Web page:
Geoff Johns and Richard Donner (storytellers), Olivier Coipel (artist), Alejandro Sanchez (colorist), Matt Wilson (special thanks), Nick Napolitano (letterer)
Its not easy to pick a favorite story in this book, as almost every one of them reminded me of all the reasons Superman is one of my favorite characters. But if I had to pick one, this would be it. It’s another story that goes back to the roots of the character, with the triangular S and the strappy boots of Superman’s earliest appearances. Superman stops a drunk driver by totaling his car and hanging him from a telephone wire. But then he does what few superheroes take the time to do, and follows up with the man. Superman learns about his life and figures out the root cause of his problems, and then guides the man to be better. That’s who Superman should always be, someone to allow us to look inside ourselves to find someone better.
“The Fifth Season”
Scott Snyder (writer), Rafael Albuquerque (artist), Dave McCaig (colorist), Tom Napolitano (letterer)
I’m sad to say it, but this is one of my least favorite stories in the book. It’s too similar to “The Game” from Levitz and Adams, with Luthor trying to trap a Superman who is just trying to be nice, and the story is honestly from a writer who didn’t belong in this issue. I love Scott Snyder’s work, but he’s done very little with Superman. Snyder did the heavily delayed Superman: Unchained series with Jim Lee back in 2013, and used Superman in Metal, but all in all that stacks up extremely low in comparison to most other writers in this book. I get why DC would include him, since he’s their biggest draw right now, but it still rubs me the wrong way that he was included while the Siegel and Shuster story was relegated to the less sought-after trade.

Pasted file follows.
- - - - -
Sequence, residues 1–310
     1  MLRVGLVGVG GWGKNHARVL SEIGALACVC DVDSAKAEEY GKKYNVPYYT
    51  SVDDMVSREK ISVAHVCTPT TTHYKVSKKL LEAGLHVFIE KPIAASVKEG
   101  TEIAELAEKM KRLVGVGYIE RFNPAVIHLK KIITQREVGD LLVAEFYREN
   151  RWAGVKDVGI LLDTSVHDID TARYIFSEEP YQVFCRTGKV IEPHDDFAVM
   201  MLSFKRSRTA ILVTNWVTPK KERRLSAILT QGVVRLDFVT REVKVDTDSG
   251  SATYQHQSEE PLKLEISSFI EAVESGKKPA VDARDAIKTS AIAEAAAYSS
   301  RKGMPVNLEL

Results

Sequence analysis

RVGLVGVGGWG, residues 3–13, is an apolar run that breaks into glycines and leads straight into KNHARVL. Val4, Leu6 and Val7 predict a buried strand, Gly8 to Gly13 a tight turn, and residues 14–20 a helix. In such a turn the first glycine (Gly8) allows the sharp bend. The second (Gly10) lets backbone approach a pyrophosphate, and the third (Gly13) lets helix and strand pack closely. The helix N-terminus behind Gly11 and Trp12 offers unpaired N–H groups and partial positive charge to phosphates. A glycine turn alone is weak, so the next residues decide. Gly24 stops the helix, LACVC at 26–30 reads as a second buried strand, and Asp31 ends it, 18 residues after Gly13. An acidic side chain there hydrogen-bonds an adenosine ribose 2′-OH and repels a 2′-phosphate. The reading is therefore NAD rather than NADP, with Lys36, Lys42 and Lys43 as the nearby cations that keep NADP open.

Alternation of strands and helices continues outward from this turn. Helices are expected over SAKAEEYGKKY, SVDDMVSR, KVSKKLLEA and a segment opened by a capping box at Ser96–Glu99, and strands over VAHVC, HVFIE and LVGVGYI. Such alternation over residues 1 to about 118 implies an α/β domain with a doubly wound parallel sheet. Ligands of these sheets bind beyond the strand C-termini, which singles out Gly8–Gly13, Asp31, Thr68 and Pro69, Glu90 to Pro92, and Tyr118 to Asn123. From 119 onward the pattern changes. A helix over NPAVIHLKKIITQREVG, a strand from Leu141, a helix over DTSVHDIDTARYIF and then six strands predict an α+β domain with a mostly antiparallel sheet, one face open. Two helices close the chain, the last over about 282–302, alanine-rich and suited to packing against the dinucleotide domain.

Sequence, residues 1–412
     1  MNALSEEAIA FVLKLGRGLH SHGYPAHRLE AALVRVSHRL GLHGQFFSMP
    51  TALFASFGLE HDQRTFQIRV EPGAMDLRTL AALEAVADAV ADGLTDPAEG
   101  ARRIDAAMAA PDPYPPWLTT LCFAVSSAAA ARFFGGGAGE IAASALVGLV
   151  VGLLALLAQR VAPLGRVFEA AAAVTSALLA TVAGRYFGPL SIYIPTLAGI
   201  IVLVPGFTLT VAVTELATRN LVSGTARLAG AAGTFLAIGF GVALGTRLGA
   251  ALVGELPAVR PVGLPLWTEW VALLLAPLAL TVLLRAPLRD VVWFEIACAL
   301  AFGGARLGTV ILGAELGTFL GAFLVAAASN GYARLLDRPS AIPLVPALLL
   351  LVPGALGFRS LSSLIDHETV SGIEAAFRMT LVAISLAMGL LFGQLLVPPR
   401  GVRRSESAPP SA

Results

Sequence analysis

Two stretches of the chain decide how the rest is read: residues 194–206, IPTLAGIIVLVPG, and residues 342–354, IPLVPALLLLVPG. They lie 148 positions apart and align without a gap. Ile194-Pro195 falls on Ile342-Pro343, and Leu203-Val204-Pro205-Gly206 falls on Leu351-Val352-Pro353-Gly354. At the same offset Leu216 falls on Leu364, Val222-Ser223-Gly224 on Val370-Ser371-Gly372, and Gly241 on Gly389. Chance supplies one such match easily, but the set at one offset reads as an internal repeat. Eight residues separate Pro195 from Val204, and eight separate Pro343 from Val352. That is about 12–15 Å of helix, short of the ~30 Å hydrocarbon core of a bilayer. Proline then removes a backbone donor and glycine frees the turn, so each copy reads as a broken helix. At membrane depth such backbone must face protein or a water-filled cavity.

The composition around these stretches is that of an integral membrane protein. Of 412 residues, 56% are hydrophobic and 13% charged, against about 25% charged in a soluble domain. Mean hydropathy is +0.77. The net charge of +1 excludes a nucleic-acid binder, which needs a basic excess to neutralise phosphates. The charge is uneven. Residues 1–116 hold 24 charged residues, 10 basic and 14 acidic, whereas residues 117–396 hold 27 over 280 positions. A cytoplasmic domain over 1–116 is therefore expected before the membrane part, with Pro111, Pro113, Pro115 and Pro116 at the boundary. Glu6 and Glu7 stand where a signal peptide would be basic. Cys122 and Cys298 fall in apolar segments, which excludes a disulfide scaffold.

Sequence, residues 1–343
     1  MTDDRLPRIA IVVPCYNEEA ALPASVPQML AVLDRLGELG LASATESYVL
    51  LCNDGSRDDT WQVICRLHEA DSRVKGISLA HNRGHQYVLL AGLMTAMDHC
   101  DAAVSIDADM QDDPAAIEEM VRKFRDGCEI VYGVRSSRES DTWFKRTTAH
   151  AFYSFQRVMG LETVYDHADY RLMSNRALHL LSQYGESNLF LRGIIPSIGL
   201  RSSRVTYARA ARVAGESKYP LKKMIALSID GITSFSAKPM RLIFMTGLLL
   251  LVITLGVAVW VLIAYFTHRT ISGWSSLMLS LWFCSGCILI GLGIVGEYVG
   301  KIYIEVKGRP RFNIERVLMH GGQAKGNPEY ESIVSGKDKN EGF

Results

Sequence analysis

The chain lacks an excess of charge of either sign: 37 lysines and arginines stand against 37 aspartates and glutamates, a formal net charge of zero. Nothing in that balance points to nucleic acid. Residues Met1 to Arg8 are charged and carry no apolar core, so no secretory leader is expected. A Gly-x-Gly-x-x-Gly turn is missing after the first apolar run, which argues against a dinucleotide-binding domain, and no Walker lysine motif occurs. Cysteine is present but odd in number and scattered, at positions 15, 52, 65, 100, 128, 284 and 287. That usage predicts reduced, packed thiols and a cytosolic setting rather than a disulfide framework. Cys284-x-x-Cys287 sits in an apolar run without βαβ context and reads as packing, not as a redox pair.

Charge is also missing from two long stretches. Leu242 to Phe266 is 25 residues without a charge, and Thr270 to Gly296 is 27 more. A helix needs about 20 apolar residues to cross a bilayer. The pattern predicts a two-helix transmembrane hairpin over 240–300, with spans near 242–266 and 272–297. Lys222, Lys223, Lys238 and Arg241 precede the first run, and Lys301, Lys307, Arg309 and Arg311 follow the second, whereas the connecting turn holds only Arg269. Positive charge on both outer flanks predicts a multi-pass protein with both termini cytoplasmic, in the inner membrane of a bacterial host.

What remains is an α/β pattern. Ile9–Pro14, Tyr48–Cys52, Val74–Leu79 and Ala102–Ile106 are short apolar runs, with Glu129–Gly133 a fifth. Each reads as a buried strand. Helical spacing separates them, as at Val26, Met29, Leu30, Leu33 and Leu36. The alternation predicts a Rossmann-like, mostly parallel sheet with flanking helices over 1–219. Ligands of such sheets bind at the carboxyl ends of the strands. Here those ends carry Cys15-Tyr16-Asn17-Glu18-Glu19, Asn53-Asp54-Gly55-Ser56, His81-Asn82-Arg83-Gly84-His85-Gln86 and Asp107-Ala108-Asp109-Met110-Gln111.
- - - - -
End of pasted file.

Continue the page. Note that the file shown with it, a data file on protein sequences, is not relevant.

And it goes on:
Tom King (writer), Clay Mann (artist), Jordie Bellaire (colorist), John Workman (letterer)
Speaking of writers who don’t belong in this book, here we have Tom King. King works best when he’s allowed to work outside of the mainstream, and that’s not here. While Snyder at least had one actual Superman book under his belt, King has included Superman as a guest star in a few issues of Batman. That might not be a problem, if the story were good, but this one is not. The art by Mann and Bellaire is gorgeous, but the story fails to understand Superman. Superman is the one hero who constantly achieves the unachievable. To have a futuristic story where he gave up billions of years ago, and is further giving up now, does a disservice to the celebration of the character that this book is meant to be.
Louise Simonson (writer), Jerry Ordway (artist), Dave McCaig (colorist), Carlos M. Mangual (letterer)
Aside from the Curt Swan story from earlier in the issue, this is the one I was most excited for. Louise Simonson was the first woman I knew in comics, and is a lifelong hero of mine. Jerry Ordway is one of the greatest Superman artists and writers of our time. Both deserved to be in the book, and I was so happy to see them working together. Both were absolutely instrumental to my introduction to comics. The story is a snapshot in the life of Clark Kent, and it illustrates how much being both Clark and Superman mean to him. People (*cough* Quentin Tarantino *cough*) often get this wrong. Unlike Batman, neither the Clark identity or the Superman one are more valid than the other. Clark is Superman because he can be, but Superman is Clark because he has to be.